Simpson Larger Christian Life is a 11 chapter work which discusses key elements in living the Christian life, joy, faith, filled with the Spirit, death of self, etc.

CONTENTS of Simpson Larger Christian Life

1 The Possibilities of Faith
2 The Joy of the Lord
3 Filled with the Spirit
4 The Larger Life
5 The Death of Self
6 More than Conquerors
7 Grace Abounding
8 From Strength to Strength
9 God’s Measureless Measures
10 Spiritual Growth
11 Enlarged Work

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Sample Chapter from Simpson Larger Christian Life


“Be ye also enlarged.” 2 Cor. vi: 11.

The law of growth is a fundamental principle of all nature and redemption.
Whatever ceases to grow begins to die; stagnancy brings corruption; the
corpse belongs to the worm; a self-contained pool becomes a malarious
swamp. Vegetation springs from a seed, the seed grows into a tree, and the
tree into a forest. Human life commences in infancy and develops to
maturity. The word of God has all unfolded from a single promise. The
great plan of redemption has been a ceaseless progression, and will be
through the ages upon ages that are yet to come.

The experience of the soul is a growth. True, it must have a starting point.
We cannot grow into Christianity we must be born from above and then
grow. And so sanctification is progressive, and yet it has a definite
beginning. Christ is completely formed within us, but He is the infant
Christ, and grows up to the maturity of the perfect man in us just as He did
in His earthly life.

It is here that the enlargement of our text meets us. It is only the truly
consecrated Christian that grows. The other treads the ceaseless circle of
the wilderness. But he has crossed the Jordan and begun the conquest of the
land and the progressive experience of which it was the beautiful pattern
and symbol. No book in the Bible has more progress in it than the book of
Joshua, and yet from the very beginning it is the life of one who has wholly
died to self and sin and has taken Christ for full salvation and is walking in
the heavenly places in Him.

And even the book of Joshua only begins its highest advance when it is
almost ended. It is after the whole land is subdued, that the call comes,
“How long are ye slack to go up and possess all the land? There remaineth
yet very much land to be possessed.” And then it is that old Caleb, who has
the weight of eighty-four years on his honored head, steps forth and claims
the privilege of entering upon the boldest and hardest campaign of his life,
the conquest of Hebron and the Anakim. It is to us then, who know the

Lord Jesus in His fullness, that He is saying, “Be ye also enlarged.”


1. We need a larger vision. All great movements begin in great ideas. There
is no progress without a new thought as its embryo. China has remained the
same for three thousand years because China has not accepted a new idea.
Her teacher is a man who lived long before Christ, and for nearly thirty
centuries she has followed the ideas of Confucius and is just the same today as she was thirty centuries ago. Let China receive the American idea or
the Christian idea, and she will be revolutionized at once.

So the first step in our advance must be a new conception of the truth as it
is in Jesus and a larger view of His word and will for us. We do not need a
new Bible, but we need new eyes to read our Bible and brighter light to
shine upon its deep and pregnant pages. We need to see, not simply a
system of exegesis or a system of Biblical exposition and criticism; a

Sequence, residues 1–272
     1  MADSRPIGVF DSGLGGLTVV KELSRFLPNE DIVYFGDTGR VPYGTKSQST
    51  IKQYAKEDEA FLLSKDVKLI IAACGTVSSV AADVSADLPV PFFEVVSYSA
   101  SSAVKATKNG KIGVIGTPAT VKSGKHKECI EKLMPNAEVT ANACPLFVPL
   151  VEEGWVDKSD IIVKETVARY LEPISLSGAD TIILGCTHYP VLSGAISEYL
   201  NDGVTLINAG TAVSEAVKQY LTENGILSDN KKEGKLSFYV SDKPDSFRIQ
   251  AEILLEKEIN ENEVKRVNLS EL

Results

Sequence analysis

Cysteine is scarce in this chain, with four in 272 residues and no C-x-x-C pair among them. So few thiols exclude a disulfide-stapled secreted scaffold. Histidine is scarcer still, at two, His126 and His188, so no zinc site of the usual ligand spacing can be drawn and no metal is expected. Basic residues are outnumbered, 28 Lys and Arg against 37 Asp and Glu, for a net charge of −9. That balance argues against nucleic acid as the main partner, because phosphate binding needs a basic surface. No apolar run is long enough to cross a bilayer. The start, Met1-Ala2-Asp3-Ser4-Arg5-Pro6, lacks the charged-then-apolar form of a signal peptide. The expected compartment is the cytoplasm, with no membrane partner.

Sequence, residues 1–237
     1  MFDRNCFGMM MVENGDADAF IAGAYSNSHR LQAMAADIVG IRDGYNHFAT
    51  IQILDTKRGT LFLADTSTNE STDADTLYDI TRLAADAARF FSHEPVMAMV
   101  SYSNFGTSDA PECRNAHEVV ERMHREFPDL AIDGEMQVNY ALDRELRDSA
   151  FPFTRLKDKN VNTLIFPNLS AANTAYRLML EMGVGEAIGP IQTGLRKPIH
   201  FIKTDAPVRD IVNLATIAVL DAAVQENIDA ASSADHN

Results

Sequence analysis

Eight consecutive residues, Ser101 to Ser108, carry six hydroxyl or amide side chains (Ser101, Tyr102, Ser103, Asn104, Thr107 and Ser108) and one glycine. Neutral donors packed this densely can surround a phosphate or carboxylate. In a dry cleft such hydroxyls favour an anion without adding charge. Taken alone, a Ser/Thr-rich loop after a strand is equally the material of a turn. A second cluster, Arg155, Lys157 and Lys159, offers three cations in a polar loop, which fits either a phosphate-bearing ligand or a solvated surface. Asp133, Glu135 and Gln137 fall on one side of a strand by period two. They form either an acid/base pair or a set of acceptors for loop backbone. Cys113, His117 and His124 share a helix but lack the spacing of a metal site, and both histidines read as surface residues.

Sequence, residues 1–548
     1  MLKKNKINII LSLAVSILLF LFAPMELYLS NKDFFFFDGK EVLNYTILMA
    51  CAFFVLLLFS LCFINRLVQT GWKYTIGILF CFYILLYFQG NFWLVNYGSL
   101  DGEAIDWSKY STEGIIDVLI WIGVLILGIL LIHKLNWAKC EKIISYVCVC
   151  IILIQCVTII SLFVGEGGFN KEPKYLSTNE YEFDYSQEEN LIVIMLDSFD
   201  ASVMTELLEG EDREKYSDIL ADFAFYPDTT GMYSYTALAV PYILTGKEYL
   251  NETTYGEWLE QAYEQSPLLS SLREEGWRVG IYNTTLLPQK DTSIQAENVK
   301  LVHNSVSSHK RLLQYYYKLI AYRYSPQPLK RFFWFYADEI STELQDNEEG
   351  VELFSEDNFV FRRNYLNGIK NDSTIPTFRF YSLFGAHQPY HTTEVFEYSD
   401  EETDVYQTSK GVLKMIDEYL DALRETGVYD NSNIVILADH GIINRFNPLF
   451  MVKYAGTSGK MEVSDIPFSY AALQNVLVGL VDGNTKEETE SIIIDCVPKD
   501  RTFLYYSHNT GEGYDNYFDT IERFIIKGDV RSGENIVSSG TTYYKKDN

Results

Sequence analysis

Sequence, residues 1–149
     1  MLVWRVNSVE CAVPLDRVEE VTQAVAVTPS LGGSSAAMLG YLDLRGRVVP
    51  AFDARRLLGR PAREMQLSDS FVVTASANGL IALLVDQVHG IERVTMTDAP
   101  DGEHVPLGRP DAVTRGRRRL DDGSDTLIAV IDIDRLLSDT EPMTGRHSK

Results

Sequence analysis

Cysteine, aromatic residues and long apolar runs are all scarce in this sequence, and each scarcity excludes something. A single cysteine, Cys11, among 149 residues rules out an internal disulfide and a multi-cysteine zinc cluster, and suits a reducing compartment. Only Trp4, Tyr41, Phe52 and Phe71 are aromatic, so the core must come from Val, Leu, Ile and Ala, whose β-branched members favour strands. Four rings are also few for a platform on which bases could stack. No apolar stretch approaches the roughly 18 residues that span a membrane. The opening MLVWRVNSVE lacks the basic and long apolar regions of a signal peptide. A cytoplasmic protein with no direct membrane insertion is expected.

thorough knowledge of the letter and its wondrous framework of history;
geography, antiquities and ancient languages; but a vivid, large and
spiritual conception of what it means for us and what God’s thought in it for
each of us is. We want to take it as the message of heaven to the nineteenth
century and the last decade, nay, the living voice of the Son of God to us
this very hour, and to see in it the very idea which He Himself has for our
life and work; to take in the promises as He understands them, the
commandments as He intends them to be obeyed, and the hopes of the
future as He unfolds them upon the nearer horizon of their approaching
fulfillment. How little have we grasped the length and breadth and depth
and height of this heavenly message! How little have we realized its
authority and its personal directness to us! “Open thou my eyes, 0 Lord,
that I may behold wondrous things out of thy law!” “I will run in the way of
thy commandments when thou shalt enlarge my heart.” That ye may be
filled with “the spirit of wisdom and revelation in the knowledge of Him;
the eyes of your heart being enlightened; that ye may know what is the
hope of His calling, and what the riches of the glory of His inheritance in
the saints.” May the Lord grant it to each of us in the largest possible
measure in accordance with His will!

2. We need a larger faith. What is the use of light if we do not use it? We
need a faith that will personally appropriate all that we understand, and a
faith so large that it will reach the fullness of God’s great promises; so large
that it will rise to the level of each emergency as it comes into our life. Do
we not often feel that a promise has been brought to us with a light and
power that we have been unable to claim and a need has arisen that we are
persuaded God is able to meet but for which we are conscious our faith is
not grasping the victory, at least according to the full measure of the
exigency? This ought not so to be. If all things are possible to him that
believeth we ought to have all things in His will for every moment of life’s
need. The Divine pattern of faith is the faith of God. Oh, let us be enlarged
to this high measure!

3. We need a larger love. We need a love that will meet God’s claim of
perfect love, that we shall “love the Lord our God with all our soul and with
all our mind and with all our strength.” We need a love that will love one